Dick Smith, legendary make-up artist known for his groundbreaking and iconic work on such films as The Godfather, Amadeus, Altered States, Taxi Driver and The Exorcist, has passed away at age 92.
Born in Larchmont, New York, in 1922, Richard Emerson Smith began his career in 1945 as NBC’s first staff make-up artist and by 1950 was the head of the make-up department, training his own staff of 25 budding artists. His self-taught talents quickly earned him several Emmy nominations and a win in 1967 for Mark Twain Tonight!
After 14 years with NBC where he pioneered techniques using foam latex, plastics and make-up tones for colour television, Smith then moved on to the big screen.
His technical innovations in films such as Little Big Man and The Godfather were initially seen by his peers as unorthodox, however, those techniques soon became industry standards which are still used to this day. Smith went on to create some of his most memorable work transforming young Linda Blair into a demon-possessed child and aging Max Von Sydow thirty-seven years in The Exorcist, along with the landmark full-body latex suits and fantastical effects in Altered States.
Make-up artist Dick Smith, assisted by hair stylist Bill Farley, fits the vomiting apparatus on actress Eileen Dietz on the set of The Exorcist.
Smith’s apparatus was created using a heat-forming plastic molded into flat tubes, which connected through a pipe leading into Dietz’s mouth. The tubing was then hidden under a partial latex mask appliance.19 July, 2014 • 307 notes
The Exorcist sparked an outcry of controversy from religious groups during its original theatrical run in 1973/4. While many lauded its strong message of faith; others interpreted the film’s unrelenting portrayal of evil as exploitative and pornographic. Christian evangelist Billy Graham even went as far as to publicly denounce the film, insisting that there was a "power of evil in the fabric of the film itself".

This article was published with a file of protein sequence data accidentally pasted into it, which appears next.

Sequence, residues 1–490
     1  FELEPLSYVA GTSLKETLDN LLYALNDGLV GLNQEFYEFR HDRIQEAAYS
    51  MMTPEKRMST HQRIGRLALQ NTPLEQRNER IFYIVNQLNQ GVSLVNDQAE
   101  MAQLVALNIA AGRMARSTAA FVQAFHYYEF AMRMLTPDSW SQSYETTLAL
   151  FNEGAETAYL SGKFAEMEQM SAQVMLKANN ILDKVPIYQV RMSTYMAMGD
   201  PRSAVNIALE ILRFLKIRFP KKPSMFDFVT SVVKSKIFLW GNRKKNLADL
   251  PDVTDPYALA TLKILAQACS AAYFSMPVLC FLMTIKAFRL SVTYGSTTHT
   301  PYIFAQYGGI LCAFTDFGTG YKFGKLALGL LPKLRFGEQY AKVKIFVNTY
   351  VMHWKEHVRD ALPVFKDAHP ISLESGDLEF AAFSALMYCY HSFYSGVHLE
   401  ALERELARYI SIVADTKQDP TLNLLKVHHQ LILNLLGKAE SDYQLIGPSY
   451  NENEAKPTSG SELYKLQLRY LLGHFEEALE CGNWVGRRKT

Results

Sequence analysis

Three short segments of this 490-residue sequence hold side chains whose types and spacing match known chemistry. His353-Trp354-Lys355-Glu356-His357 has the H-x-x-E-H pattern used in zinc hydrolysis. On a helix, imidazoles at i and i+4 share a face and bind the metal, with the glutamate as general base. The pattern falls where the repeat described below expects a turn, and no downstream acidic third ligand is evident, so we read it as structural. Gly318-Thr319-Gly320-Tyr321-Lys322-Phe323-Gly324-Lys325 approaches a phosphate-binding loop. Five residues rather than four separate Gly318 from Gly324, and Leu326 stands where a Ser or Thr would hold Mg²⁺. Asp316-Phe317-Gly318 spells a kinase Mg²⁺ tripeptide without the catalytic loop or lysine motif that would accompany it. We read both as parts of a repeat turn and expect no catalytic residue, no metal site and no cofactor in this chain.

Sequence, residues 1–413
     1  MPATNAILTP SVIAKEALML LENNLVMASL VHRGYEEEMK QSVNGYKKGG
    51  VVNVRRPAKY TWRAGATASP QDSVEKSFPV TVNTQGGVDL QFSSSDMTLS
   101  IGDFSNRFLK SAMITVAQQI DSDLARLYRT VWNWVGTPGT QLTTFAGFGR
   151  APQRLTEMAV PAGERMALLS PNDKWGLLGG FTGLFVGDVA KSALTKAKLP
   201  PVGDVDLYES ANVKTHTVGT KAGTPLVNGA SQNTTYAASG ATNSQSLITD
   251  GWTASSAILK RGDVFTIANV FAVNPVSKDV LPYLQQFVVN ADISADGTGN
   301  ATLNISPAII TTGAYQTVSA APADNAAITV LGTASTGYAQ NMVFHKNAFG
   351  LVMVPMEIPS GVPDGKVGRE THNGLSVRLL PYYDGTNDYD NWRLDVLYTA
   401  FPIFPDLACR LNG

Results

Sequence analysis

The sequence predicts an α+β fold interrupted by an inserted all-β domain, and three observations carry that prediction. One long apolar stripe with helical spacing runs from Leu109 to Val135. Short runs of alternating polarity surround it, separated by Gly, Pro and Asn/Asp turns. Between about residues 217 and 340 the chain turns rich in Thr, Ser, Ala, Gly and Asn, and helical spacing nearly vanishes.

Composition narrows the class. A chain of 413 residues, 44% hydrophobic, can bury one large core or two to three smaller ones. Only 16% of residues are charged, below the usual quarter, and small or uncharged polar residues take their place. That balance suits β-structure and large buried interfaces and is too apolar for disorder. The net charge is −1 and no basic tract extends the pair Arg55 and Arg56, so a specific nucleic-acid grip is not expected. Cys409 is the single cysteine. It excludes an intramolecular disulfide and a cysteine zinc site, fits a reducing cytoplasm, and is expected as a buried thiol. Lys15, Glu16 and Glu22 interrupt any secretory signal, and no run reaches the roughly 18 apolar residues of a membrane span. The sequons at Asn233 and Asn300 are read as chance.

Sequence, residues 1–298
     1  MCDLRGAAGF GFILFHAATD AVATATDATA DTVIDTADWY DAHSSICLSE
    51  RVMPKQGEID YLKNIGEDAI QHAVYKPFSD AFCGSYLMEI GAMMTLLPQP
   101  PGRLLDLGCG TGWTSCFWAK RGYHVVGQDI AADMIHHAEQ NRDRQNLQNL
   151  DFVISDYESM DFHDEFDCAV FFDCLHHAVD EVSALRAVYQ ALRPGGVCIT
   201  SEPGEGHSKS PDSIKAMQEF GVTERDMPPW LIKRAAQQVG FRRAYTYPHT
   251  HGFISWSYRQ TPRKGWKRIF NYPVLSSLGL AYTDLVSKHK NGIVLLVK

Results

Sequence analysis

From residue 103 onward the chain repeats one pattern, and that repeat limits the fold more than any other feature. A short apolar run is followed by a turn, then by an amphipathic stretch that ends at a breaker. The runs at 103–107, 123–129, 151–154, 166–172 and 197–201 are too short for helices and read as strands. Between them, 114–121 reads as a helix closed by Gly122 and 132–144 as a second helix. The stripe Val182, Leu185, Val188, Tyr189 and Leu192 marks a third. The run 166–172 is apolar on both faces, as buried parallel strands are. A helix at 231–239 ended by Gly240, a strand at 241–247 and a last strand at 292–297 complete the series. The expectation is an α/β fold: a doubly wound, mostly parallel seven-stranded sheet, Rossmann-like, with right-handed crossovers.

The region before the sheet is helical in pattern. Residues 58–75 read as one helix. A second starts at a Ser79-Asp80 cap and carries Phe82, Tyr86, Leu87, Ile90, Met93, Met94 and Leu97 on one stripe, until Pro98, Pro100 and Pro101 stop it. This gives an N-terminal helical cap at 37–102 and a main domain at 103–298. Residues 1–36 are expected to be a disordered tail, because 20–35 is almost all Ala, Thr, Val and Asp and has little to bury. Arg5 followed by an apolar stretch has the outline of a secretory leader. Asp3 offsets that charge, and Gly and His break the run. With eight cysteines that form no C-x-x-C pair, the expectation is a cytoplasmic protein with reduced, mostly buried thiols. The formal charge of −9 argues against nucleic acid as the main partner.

Here is one example of a flyer handed out by Christian groups at a screening in the UK, warning impressionable moviegoers of the “adverse effects” the film may cause them to experience.15 July, 2014 • 74 notes
"Really brilliant" - William Friedkin
THE EXORCIST is an Oscar-winning psychological horror and drama directed by William Friedkin, written and produced by William Peter Blatty, adapted from his best-selling novel, and inspired by true events.
The film follows actress Chris MacNeil and her 12-year-old daughter Regan, who begins to exhibit an explicit new personality as strange events befall the local area of Georgetown. Chris becomes torn between science and superstition in a desperate bid to save her daughter, and ultimately turns to her last hope: Father Damien Karras, a troubled priest who is struggling with his own faith after the recent passing of his mother.
Released in the US on December 26, 1973, The Exorcist electrified a generation of moviegoers who lined up for hours on end to see the film, only to run back out again due to its shocking and controversial scenes. The film struck a nerve with the unsuspecting public, and divided critics, going where no film had dared to go before.
After 40 celebrated years and countless sequels, prequels, parodies, and rip-offs, it remains just as chilling and effective as it was when it first premiered, continuously topping the annual ‘Scariest Movies of All Time’ lists and - when adjusted for inflation - is still one of the highest grossing horror films of all time.
BEHIND THE EXORCIST takes you beyond the confines of Regan’s bedroom and reveals the mechanics behind one of the most influential films of all time; from the blood, sweat and tears that went into achieving the ground-breaking special effects, to the mass hysteria and impact the film had, and continues to have, on audiences and popular culture.
The Ninth Configuration